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The House of the Rising Sun: Finished!

Posted by
Sunday, December 11th, 2016 7:34 pm

In House of the Rising Sun, you play as a wizard who is responsible for keeping the sun aloft for as long as possible while hordes of vampires make life difficult. You are armed with your Tome of the Sun, a book that adds to the sun’s energy for as long as a powerful-enough wizard is reading it. Leave your room and the book shuts, letting the darkness slowly creep in. Let any vampires into your room and the sun sets more quickly. Do not go quietly into the night!

This game was built by a team of two, with a third who contributed sprites for the vampires and the book (opening and closing the book looks great, btw!). We used PhaserJS and Webpack to keep the dev process as seamless as possible.

Play the finished version here!

The Good

All of the graphics-are home-grown this time, which is a first for me and my team. This was also the first time I’ve had the chance to play around with WebGL shaders, which provides a setting sun as the game progresses.

The Bad

No major roadblocks this time, which is a refreshing change from past entries! I’m sure next time will be a disaster to make up for it 😛

The Ugly

The code base started off relatively clean, but eventually we gave into pragmatism. Magic numbers everywhere, lots of tight coupling… I’d hate to have to refactor this guy, but fortunately I’ll probably never have to! C’est la vie, there’s only so much time in a weekend!

I spent waaaay more time than I’d like to admit tweaking the hitbox for the wizard’s projectile attack. Future me should take note that the Arcade physics engine in PhaserJS does not allow you to rotate physics bodies.

Whew! This was a fun way to spend the weekend, but I am glad to be in submission mode now. Hope you all enjoy it, and be sure to leave some feedback on the submission page when you get a chance!

Shameless plug!

Posted by
Tuesday, December 15th, 2015 1:30 am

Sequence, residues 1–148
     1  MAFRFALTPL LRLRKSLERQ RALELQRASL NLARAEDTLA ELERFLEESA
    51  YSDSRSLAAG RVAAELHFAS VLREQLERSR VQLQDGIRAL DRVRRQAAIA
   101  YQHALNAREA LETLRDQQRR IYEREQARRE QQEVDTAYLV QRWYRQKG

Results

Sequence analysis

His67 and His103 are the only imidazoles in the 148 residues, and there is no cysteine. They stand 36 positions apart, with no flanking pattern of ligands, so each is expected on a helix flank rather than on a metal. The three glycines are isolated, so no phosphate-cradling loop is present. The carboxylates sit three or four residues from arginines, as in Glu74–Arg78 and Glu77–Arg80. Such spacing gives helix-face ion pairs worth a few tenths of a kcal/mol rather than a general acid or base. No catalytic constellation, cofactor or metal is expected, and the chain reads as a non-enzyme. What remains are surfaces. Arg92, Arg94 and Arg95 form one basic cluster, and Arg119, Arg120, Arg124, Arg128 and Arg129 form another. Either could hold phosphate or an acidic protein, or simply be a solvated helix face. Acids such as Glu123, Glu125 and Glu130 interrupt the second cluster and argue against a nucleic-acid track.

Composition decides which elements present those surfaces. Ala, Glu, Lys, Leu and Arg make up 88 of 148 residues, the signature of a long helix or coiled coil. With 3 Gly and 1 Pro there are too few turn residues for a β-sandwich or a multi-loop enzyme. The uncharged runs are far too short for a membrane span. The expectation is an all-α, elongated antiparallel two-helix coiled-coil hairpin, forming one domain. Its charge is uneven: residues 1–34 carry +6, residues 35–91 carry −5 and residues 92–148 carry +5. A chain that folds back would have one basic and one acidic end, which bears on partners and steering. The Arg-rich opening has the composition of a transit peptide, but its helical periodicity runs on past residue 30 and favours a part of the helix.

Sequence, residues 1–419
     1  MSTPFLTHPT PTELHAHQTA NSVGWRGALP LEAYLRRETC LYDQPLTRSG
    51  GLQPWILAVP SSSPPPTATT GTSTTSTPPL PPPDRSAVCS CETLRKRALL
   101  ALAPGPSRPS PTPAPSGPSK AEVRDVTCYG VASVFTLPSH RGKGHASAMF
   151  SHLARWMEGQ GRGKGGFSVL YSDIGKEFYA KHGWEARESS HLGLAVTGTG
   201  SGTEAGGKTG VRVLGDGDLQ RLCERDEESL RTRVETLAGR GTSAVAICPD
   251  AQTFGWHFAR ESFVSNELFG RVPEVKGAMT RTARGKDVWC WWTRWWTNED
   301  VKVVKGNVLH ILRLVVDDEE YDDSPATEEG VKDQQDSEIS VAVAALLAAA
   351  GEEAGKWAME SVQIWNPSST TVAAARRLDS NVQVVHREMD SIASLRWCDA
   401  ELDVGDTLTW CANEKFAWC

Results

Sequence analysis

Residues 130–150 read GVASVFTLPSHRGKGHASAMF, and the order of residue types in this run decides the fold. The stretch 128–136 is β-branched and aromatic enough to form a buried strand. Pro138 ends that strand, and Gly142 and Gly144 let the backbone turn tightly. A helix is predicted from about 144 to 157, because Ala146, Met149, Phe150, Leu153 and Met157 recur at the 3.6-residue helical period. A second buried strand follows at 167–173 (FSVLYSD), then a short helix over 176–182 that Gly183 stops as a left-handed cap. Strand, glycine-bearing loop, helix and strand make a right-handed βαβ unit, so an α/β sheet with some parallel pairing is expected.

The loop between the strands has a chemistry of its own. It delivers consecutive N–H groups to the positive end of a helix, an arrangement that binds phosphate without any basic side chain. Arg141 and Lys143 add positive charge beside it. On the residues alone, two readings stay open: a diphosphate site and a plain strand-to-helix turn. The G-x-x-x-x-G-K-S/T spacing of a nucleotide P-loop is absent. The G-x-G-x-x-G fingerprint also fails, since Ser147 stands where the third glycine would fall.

This is the fourth time we’ve participated in the game jam, and for two programmers with limited free time and no artistic merit, I can honestly say that I think we get better every time. Ludum Dare 34 introduced us to Tiled and EasyStar, and gave us the opportunity to use ES2015 with Phaser. I’m not going to say it’s the best game ever, but we’re spending less time on the boilerplate and more time on the interesting stuff, which is a coup in my eyes.

Goblinheart” is an 8-bit inspired zelda-style dungeon crawler with a twist: Instead of a sword, your goblin hero is equipped with the POWER OF LOVE! Persuade enemies to join you and fight for your honor as you make your way through a labyrinthine dungeon for no apparent reason. That’s right, we didn’t quite get to the point of having an end game, but it was an awesome journey!

Link: http://ludumdare.com/compo/ludum-dare-34/?action=preview&uid=35875

Divided We Fail — Finished!

Posted by
Sunday, August 24th, 2014 10:13 pm

What a blast! My team has been lucky enough to have started and completed two Ludum Dare jams this year, and you can bet we’ll be in for LD31.

Divided We Fail started off as a couple of different ideas all mashed together. When we saw the theme –“connected worlds”– we knew that we wanted to try controlling two characters at once. My first thought was something along the lines of The World Ends With You, where both characters required separate actions. That was going to be way too big for one weekend though, so we settled on an infinite runner instead.

Divided We Fail screenshot

The two stages are randomly generated and speed up as you go. When the robot collects a helicopter it spawns an angry bee in the little girl’s world. Conversely, when the little girl catches a butterfly, rockets come flying towards the robot. We wanted the worlds to feel truly connected, even though they’re so different. I think it worked out.

You’ll notice that the little girl has a watering can in her hand, and that the robot is looking downwards. Originally we’d had the idea that the girl would have to water flowers as she strolled along, while the robot would be busy shooting rockets at buildings. This meant stopping for a second to perform the action, and it really felt like it ruined the pace of an infinite runner. No time to update the sprites though, so there you go!

We got a lot of grief because our last entry was too hard, so hopefully this entry scaled it back enough. Either way, enjoy!

Dark Moles – Finished!

Posted by
Monday, April 28th, 2014 4:45 pm

The overwhelming consensus is that Dark Moles is HARD (hence the name). We went into this as a team of two developers and one illustrator with little-to-no game development experience to speak of. Can’t say the finished product is “brilliant,” but for two-days worth of work (and some polishing up during lunch today) it’s not half-bad. Definitely looking forward to Ludum Dare #30!

Submission: http://www.ludumdare.com/compo/ludum-dare-29/?action=preview&uid=35875

Source: https://github.com/ninjascribble/LudumDare-29

Dark Moles Gameplay

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